David Goldman/The Associated Press NFL Commissioner Roger Goodell is weighing the options of the league expanding to other countries permanently.
With the NFL opening in earnest on Sunday, here's the question du jour:
Should the NFL be expanding into Europe and other countries?
There are basic upsides for the league: expand to promote American football globally; add to the revenue stream, etc.
Here's what we know: ever since William Perry and the Bears played London following their superstar Super Bowl Shuffle in the 80s, the NFL has spread its popularity with exhibition games in Europe, Japan, Canada, Australia and Mexico. China, too, was once in the works. This October the Patriots and Rams meet at London's Wembley Stadium, which is hosting a regular season NFL game for a sixth straight year.
Over the summer, Pats owner Robert Kraft went one better when he lobbied for London to land a permanent NFL franchise. "I think we're starting to tap out in the United States," Kraft said in June. "If you look at the last Super Bowl we were in this past season, we had over 180 million people watching -- that's almost two thirds of America. So for us to grow the game, we have to expand globally." London reportedly is also bidding to host a future Super Bowl.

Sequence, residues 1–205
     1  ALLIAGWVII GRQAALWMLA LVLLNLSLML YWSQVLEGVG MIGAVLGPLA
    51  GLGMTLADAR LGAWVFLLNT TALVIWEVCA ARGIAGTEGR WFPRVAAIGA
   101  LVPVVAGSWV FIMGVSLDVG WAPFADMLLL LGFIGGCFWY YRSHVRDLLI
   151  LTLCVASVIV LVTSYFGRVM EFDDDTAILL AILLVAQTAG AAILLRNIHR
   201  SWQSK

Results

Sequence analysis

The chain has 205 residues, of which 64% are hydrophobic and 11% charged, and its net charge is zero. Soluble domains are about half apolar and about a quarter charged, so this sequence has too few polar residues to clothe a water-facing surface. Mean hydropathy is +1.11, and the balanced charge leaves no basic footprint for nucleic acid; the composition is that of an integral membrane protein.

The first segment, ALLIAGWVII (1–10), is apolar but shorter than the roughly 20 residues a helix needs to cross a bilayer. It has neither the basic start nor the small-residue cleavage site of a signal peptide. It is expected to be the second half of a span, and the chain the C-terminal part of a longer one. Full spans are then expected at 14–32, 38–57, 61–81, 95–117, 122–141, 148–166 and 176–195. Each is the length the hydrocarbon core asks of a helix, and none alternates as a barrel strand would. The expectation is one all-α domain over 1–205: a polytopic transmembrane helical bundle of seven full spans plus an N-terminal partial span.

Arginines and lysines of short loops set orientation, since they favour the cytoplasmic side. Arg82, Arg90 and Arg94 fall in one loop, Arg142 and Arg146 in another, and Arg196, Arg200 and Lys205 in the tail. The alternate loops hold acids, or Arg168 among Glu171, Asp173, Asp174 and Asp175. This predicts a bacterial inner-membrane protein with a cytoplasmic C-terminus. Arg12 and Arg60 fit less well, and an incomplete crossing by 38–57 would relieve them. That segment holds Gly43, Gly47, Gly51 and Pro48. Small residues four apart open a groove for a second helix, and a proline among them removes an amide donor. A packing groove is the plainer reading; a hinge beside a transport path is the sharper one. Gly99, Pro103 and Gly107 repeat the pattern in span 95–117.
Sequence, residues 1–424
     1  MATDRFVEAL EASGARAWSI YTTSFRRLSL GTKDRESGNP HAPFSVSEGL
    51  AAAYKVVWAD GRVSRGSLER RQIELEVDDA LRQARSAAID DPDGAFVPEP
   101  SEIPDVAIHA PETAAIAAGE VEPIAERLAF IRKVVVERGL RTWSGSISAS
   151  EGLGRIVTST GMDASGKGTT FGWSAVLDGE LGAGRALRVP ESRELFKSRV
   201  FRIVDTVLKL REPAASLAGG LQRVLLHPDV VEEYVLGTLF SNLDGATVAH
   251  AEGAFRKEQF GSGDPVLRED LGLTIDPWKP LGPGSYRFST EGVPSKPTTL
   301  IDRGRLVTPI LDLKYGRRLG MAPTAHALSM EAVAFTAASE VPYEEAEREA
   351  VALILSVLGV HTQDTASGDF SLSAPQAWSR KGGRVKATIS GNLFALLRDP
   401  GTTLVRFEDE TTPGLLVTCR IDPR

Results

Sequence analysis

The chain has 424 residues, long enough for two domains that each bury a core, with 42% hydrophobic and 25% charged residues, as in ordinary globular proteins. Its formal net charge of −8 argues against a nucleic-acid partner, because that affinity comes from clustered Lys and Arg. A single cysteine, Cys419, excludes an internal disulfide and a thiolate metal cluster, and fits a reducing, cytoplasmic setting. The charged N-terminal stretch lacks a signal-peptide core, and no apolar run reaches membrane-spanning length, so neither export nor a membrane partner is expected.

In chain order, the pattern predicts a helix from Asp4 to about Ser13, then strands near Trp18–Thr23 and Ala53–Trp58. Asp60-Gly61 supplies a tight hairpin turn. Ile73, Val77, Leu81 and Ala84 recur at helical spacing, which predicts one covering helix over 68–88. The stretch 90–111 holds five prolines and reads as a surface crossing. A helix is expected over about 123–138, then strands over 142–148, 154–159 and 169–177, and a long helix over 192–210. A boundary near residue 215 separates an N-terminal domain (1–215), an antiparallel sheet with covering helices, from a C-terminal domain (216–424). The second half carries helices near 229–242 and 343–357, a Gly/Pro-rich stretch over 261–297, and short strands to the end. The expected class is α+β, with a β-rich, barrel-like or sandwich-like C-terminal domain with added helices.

Regular-season games played in another country devalue otherwise scheduled "home" games for the home teams. Foreign cities poach the home game away from employee- and customer-filled downtowns back in the U.S., so I'm not wild about anything beyond exhibition games or the orphaned Pro Bowl being out-sourced to other shores.
And speaking of Super Bowls ... this just may be the year we get a Manning-Manning Super Bowl with Denver and the Giants. Or, sleeper picks abound when Miami meets Green Bay. Could be.
But I like the 49ers over the Patriots in Super Bowl 47 in New Orleans, in a performance that will power-swap Belichick/Brady for Harbaugh/Smith.